Although in this study we have used DSM–IV definitions of bipolar disorder as the gold-standard diagnoses, as noted above, there are limitations with a threshold approach to diagnosing bipolar disorder. One possible interpretation of our findings is that they provide support for a dimensional view of bipolar disorder that goes beyond the use of formal (and somewhat arbitrary) DSM–IV categories and thresholds. It may be that ICD–11 and DSM–5 should incorporate the measurement of dimensions of bipolar symptoms into the diagnostic criteria for both recurrent major depressive disorder and bipolar disorder.
A further suggestion is that assessing manic symptoms should become part of the routine diagnostic assessment of all individuals presenting with depression and that these assessments should guide treatment, for example, with regard to antidepressants. If we extrapolate from studies of DSM–IV bipolar depression, it is possible that many people with major depressive disorder who also have subdiagnostic bipolar features will not benefit from antidepressant therapy and may even do worse in the longer term because antidepressants could induce a course of depressive disorder with more frequent relapses and worsening mood instability. This is potentially a very large group of people and it is important that future research is less constrained by strict DSM–IV diagnoses and instead tries to evaluate the likely usefulness (or harm) caused by antidepressants in those people with depression who have subthreshold or mild features of bipolar disorder.
Strengths of this study
This is the first large-scale, systematic assessment of bipolar features in individuals with depression within a UK primary care setting. We were careful to recruit from several practices with a spread of participants from different social and economic backgrounds and we carried out formal diagnostic assessments on a representative subsample. As noted earlier, the two-stage methodological approach recommended by Dunn and colleagues28 allowed us to obtain three increasingly conservative estimates of the likely prevalence of unrecognised bipolar disorder within our sample.
Limitations of this study
There are several limitations in this study. Only 18.5% of the 3117 people we invited to take part volunteered and returned their questionnaires. In general, volunteers for this study were similar to non-volunteers in terms of age, gender, time since diagnosis, medication use and medical comorbidity ( Table 1). However, volunteers were significantly more likely to be taking antidepressant medication than non-volunteers. This could have several implications. It may suggest that those who volunteered had a more severe form of depressive illness; that they were more likely to report low-grade manic symptoms which were being caused by antidepressants; that they had depression which was treated by antidepressants and they were therefore more motivated to take part in a research study; or even that they were more interested in taking part because their current antidepressant treatment was ineffective. It is also possible, however, that individuals with bipolar disorder were overrepresented in the group who did not volunteer because they were resistant to the possibility of receiving this diagnosis during the study.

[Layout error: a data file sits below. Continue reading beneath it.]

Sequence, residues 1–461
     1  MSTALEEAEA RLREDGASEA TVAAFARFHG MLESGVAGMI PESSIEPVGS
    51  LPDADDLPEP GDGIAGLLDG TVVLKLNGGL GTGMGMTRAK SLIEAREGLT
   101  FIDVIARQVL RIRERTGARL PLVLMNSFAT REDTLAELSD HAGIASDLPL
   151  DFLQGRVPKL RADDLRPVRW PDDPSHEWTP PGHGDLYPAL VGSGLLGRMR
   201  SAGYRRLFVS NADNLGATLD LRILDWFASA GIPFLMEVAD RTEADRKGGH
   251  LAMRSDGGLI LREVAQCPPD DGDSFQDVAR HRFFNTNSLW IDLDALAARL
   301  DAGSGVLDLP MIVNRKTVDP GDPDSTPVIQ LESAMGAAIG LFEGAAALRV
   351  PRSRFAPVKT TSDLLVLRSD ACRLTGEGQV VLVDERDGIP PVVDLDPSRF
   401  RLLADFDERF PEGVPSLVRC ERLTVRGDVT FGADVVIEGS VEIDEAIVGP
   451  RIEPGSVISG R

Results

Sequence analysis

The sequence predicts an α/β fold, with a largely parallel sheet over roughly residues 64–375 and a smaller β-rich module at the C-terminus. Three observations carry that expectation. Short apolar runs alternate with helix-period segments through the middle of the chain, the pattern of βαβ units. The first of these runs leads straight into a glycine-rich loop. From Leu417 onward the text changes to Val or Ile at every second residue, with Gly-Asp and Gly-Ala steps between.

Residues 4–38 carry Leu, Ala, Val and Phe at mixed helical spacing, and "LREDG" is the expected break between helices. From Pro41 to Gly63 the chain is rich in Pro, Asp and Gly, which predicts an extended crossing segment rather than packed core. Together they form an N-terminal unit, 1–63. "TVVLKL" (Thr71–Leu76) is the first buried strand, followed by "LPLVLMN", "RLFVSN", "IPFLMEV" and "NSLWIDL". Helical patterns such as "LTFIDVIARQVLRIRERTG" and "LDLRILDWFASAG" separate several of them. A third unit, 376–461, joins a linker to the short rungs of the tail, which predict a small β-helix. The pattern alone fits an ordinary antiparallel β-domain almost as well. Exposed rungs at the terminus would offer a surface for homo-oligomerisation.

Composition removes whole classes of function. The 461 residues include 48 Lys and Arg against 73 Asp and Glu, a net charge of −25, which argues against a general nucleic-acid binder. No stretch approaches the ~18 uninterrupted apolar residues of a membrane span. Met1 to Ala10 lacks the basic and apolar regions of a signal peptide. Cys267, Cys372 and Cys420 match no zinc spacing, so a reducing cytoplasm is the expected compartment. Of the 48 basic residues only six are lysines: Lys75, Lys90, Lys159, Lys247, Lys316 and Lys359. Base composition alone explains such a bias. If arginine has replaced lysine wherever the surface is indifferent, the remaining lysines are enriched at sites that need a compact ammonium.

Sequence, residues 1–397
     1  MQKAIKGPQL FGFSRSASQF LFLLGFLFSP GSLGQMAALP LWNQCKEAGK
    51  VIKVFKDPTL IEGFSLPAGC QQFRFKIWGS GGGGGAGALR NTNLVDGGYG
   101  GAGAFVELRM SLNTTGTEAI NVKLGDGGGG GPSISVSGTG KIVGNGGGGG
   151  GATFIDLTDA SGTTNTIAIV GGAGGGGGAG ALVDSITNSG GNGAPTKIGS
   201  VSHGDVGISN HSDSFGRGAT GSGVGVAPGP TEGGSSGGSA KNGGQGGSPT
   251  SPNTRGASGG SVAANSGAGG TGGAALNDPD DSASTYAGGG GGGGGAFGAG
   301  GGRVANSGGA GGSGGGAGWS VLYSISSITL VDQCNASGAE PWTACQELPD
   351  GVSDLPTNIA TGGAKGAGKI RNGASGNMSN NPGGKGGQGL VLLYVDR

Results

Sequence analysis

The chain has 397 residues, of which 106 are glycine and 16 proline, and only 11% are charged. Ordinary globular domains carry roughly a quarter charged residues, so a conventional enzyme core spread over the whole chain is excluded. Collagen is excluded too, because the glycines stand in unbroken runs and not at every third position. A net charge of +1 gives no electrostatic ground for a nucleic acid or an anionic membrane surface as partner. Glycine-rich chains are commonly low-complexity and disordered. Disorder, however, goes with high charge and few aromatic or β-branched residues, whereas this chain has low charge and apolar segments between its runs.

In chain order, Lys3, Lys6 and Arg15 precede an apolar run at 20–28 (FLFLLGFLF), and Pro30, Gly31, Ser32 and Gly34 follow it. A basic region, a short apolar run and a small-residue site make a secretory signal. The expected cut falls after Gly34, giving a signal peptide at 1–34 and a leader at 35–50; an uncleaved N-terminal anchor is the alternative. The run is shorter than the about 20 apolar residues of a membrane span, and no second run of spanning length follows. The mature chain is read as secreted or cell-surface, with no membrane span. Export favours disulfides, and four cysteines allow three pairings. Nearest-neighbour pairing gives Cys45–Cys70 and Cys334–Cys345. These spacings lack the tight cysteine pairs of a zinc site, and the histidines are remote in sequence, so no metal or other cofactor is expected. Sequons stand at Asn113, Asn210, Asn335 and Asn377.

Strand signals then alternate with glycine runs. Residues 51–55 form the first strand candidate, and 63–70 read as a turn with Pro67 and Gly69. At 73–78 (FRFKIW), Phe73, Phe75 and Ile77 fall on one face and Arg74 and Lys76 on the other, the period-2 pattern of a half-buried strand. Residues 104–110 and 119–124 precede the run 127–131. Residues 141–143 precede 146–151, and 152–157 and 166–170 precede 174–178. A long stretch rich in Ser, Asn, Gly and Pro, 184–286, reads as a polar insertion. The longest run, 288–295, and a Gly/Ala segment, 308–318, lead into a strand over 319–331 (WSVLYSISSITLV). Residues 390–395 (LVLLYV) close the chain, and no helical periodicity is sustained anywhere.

Similarly, from the group of participants who were invited to interview, those who were interviewed were similar to those who were not interviewed in terms of gender, ethnicity and mean HCL–32 and BSDS scores but were significantly older as a group. This age difference (although relatively small at only 4.1 years) could make it more likely that the interviewed group would contain more individuals with bipolar disorder.
In summary, our findings suggest that a significant minority of primary care patients with a working diagnosis of unipolar depression (between 3.3 and 21.6%) may have an undiagnosed DSM–IV bipolar disorder. Across the UK, this could represent a large number of individuals. Given the likelihood that many of these individuals are receiving antidepressants as monotherapy (which may be at best unhelpful and at worst harmful), it will be important that GPs are supported in developing strategies to ensure that their patients with depression receive the correct diagnosis with regard to the possibility of a primary bipolar illness. We also found that the HCL–32 and BSDS screening questionnaires had relatively low positive predictive values for DSM–IV bipolar disorder but it is possible that they could be useful for identifying broader definitions of bipolar disorder. Finally, in keeping with several other studies from around the world, we found that subthreshold features of bipolar disorder were relatively common in individuals with unipolar depression (even in primary care) and were associated with a more morbid course of illness and greater psychosocial and quality of life impairments. These findings have important implications for the classification, assessment and treatment of large numbers of people with depression managed in both primary and secondary care settings.
Funded by an MRC/Welsh Assembly Government Partnership Award (2008–2010). D.J.S. is funded by a Postdoctoral Fellowship from the National Institute of Health Research (NIHR).
† See editorial, pp. 3–4, this issue.
- Received June 29, 2010.
- Revision received August 31, 2010.
- Accepted November 3, 2010.
- Royal College of Psychiatrists, This paper accords with the NIH Public Access policy and is governed by the licence available athttp://www.rcpsych.ac.uk/pdf/NIH%20licence%20agreement.pdf